- EDITOR’S NOTE: This good-natured column was
The Wildflower Sanctuary in Batavia is just that — a peaceful place to commune with nature and bask in the tranquility of plants and animals living in harmony.
A stately plaque welcomes visitors with words penned by famed naturalist and local legend Dick Young.
“Tread softly here, and you will meld into the ageless unfolding natural drama and find a measure of wisdom and contentment that transcends our feverish accomplishments.”
With the bubbling riffles of the Fox River on one side and the serenity of Depot Pond on the other, the Sanctuary affords one the chance to escape the harsh realities of our pandemic-plagued society and connect with the good, solid earth and the solace it provides.
Well, at least it did until a couple weeks ago.
I first became aware that there was trouble in Sanctuary paradise when I peeked at my email inbox over Thanksgiving weekend and saw a message with the subject, “I am mad at Mother Nature.”
The note was from my friend Sarah Kimber, a member of Batavia’s Plain Dirt Garden Club who leads the stewardship efforts at the Sanctuary. Her words were brief and to the point:
“The attached are photos of an Ohio buckeye at the Batavia Wildflower Sanctuary. It is about 12 feet tall, and the branches are damaged all the way up. There are wood shavings all around the base of the tree. Either we have flying beavers, or squirrels are going after the buds, or aliens?
Do you have any suggestions? I am worried that this will kill the tree.”
Flying beavers? Aliens?? Awesome!
I opened the attached photos and saw right away what she was talking about.
Just as Dick Young foretold, there was natural drama unfolding all over that poor tree. Branches were shredded, their vital xylem and phloem torn asunder. It looked like someone had decided to trim it with a brush mower.
The Investigation Begins
Now, in nature, a lot of organisms provide what could be termed natural pruning.
Squirrels will gnaw off twigs and weave them into nests; they also will chew off stems laden with nuts to make harvesting easier. Female cicadas, as they insert their saw-like ovipositors to lay their eggs, can cause die-off at the ends of branches as well. Weather events like ice storms take their toll, too.
But the wounds to this tree were unlike any I’d seen before.
As I looked more closely at the photos, I saw that the bark and branches were shredded. They lacked the sharp, clean edges that are the usual hallmark of rodent work.
In fact, they looked a lot like deer browse. With their lack of upper incisors, deer pull and tear at vegetation instead of biting it neatly off. The ends they leave behind look tattered and frayed — just like those on this beleaguered buckeye.
But no deer could browse 12 feet up in the air. Well, alien deer maybe. But I wasn’t ready to go there quite yet.
Instead, I put aside my very important agenda of eating Thanksgiving leftovers and started researching the qualities of Ohio buckeyes, namely what might make it attractive to wildlife and who that wildlife might be.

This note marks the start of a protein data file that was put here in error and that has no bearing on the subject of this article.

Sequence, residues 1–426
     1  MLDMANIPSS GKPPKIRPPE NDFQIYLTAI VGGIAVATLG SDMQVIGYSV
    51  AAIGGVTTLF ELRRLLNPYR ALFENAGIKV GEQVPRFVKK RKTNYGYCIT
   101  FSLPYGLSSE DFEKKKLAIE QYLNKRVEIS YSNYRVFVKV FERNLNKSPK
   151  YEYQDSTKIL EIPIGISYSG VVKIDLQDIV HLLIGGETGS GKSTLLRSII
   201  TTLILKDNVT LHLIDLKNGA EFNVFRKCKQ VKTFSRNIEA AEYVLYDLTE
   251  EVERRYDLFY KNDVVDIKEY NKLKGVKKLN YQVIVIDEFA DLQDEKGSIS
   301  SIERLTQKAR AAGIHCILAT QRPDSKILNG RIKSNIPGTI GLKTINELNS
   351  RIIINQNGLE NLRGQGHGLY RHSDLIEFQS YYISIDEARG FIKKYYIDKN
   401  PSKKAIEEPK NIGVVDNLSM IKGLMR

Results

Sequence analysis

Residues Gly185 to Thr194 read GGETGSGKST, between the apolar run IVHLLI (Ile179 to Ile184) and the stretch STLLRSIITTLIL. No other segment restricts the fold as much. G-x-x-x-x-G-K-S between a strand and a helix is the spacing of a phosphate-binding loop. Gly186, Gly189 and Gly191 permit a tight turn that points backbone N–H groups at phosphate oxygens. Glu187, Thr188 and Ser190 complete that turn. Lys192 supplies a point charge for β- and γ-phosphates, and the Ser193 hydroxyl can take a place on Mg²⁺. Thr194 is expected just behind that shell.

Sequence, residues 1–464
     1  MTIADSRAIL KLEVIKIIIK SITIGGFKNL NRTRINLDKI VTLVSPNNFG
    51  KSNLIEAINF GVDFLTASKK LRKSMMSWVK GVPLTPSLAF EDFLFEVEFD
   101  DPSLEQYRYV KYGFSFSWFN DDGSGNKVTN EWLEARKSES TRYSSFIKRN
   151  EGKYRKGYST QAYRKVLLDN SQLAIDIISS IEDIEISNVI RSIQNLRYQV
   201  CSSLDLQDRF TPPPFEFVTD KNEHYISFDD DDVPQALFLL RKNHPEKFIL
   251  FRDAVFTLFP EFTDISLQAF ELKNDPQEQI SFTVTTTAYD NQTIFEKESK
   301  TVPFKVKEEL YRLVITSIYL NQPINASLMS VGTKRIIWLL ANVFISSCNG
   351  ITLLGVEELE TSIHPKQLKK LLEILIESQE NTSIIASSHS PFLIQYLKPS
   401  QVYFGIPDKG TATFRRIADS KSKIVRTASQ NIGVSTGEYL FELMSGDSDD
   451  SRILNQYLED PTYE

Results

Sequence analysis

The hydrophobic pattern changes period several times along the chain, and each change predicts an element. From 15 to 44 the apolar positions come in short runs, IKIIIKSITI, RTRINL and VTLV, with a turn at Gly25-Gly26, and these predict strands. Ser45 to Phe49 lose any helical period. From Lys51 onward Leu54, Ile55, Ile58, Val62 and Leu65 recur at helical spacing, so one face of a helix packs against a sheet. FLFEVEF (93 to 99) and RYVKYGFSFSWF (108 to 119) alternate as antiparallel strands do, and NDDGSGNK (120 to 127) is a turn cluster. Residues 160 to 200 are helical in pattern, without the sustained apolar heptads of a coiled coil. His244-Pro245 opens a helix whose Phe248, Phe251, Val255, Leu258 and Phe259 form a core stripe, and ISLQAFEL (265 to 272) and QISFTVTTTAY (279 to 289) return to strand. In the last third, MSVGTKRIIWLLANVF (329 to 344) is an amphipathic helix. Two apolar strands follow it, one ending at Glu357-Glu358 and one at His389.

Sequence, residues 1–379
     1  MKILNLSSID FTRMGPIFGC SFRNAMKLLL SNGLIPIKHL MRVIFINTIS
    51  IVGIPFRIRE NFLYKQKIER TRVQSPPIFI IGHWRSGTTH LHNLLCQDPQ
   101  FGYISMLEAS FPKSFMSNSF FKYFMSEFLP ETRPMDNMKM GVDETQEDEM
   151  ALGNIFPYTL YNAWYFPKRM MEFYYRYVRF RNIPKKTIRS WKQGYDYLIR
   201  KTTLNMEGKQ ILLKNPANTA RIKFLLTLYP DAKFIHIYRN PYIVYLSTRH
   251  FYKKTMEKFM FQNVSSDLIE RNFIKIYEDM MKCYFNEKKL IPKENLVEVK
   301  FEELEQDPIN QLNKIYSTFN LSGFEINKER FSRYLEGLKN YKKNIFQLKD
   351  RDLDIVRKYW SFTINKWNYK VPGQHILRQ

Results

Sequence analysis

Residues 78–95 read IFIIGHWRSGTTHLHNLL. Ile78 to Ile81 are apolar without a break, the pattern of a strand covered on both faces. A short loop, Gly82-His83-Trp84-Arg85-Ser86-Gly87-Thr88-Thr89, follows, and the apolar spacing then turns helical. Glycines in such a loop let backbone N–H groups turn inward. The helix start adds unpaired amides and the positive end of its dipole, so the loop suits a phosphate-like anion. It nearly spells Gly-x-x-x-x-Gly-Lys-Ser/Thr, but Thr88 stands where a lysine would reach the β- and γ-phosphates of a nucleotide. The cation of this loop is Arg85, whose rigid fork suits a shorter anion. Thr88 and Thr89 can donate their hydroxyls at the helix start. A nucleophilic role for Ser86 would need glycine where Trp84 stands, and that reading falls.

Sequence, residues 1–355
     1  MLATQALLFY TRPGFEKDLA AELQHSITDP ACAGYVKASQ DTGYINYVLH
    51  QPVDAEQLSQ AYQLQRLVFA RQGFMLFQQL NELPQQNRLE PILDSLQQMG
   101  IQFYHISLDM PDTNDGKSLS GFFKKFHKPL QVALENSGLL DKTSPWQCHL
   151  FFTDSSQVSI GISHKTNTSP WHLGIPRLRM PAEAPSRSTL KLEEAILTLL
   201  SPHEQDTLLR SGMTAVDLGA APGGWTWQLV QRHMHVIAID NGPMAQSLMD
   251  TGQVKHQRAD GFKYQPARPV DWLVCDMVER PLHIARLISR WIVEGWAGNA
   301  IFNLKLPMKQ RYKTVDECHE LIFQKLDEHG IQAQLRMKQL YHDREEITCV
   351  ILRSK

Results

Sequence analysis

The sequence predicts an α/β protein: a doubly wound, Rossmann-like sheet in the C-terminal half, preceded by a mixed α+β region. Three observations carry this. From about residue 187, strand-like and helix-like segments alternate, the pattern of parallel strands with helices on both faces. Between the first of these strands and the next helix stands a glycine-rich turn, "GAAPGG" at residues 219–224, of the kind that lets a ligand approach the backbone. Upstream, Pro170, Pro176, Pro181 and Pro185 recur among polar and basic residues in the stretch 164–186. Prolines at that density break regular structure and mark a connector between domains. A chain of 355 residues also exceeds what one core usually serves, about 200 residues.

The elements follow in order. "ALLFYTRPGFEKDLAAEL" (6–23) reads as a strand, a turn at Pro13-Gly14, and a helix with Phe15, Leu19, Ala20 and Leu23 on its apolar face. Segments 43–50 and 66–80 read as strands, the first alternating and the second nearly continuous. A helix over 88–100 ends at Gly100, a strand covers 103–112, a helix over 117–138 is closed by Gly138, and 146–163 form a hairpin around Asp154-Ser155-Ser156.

What I learned was pretty fascinating.
Underneath its bumpy bark, Aesculus glabra is one seething mass of toxins. In fact a USDA fact sheet led with this verbiage, in red italics: Warning: Ohio buckeye is highly toxic when taken internally.
The very next paragraph predicted dire outcomes should anyone dare try a taste.
“All parts of the plant (leaves, bark, fruit) are highly toxic if ingested — because of the glycoside aesculin, the saponin aescin, and possibly alkaloids. Symptoms are muscle weakness and paralysis, dilated pupils, vomiting, diarrhea, depression, paralysis, and stupor. Many landowners have eradicated it to prevent livestock poisoning. Native Americans ground buckeye to use as a powder on ponds to stun fish.”
With specters of dead cattle and bloated fish swirling in my head, I continued digging through field guides and research papers, looking for any indication of animals that might find Ohio buckeye beneficial.
Squirrels, it turns out, were mentioned repeatedly as being tolerant of the tree’s chemicals. They can eat the nuts, seemingly without ill effect.
With no nuts showing on this particular tree, I began to think about other ways that squirrels could make use of it. Its toxic qualities were particularly intriguing.
Knowing that squirrels are pestered by all sorts of external parasites — think fleas, ticks and mites — and reasoning that maybe the buckeye’s chemical arsenal could help defend against them, a hypothesis began to form.
Perhaps squirrels were incorporating shredded buckeye twigs into their nests as a means of fending off pests.
Intrigued by this notion, I wrote Sarah back and shared my thoughts. Within minutes she replied and shared some key information that wasn’t apparent in the photos.
Turns out my hypothesis wasn’t just a little off. It was waaaay off. I made plans to meet Sarah at the Sanctuary later that day.
Next week: The perpetrator and its motive are revealed.
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